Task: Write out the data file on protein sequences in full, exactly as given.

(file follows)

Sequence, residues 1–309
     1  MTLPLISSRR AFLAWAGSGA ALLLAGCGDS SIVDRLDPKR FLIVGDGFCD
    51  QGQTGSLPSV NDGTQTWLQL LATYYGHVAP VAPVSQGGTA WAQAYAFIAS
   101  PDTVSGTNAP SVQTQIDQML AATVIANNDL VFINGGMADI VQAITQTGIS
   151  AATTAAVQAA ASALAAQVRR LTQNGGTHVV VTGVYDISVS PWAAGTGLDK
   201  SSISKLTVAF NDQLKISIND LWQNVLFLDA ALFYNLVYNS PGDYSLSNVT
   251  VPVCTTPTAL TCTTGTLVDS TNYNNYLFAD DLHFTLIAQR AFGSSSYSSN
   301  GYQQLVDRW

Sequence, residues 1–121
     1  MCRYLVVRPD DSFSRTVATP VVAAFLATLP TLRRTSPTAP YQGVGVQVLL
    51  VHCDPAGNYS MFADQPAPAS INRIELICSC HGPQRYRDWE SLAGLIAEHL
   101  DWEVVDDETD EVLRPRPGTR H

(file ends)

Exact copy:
Sequence, residues 1–309
     1  MTLPLISSRR AFLAWAGSGA ALLLAGCGDS SIVDRLDPKR FLIVGDGFCD
    51  QGQTGSLPSV NDGTQTWLQL LATYYGHVAP VAPVSQGGTA WAQAYAFIAS
   101  PDTVSGTNAP SVQTQIDQML AATVIANNDL VFINGGMADI VQAITQTGIS
   151  AATTAAVQAA ASALAAQVRR LTQNGGTHVV VTGVYDISVS PWAAGTGLDK
   201  SSISKLTVAF NDQLKISIND LWQNVLFLDA ALFYNLVYNS PGDYSLSNVT
   251  VPVCTTPTAL TCTTGTLVDS TNYNNYLFAD DLHFTLIAQR AFGSSSYSSN
   301  GYQQLVDRW

Sequence, residues 1–121
     1  MCRYLVVRPD DSFSRTVATP VVAAFLATLP TLRRTSPTAP YQGVGVQVLL
    51  VHCDPAGNYS MFADQPAPAS INRIELICSC HGPQRYRDWE SLAGLIAEHL
   101  DWEVVDDETD EVLRPRPGTR H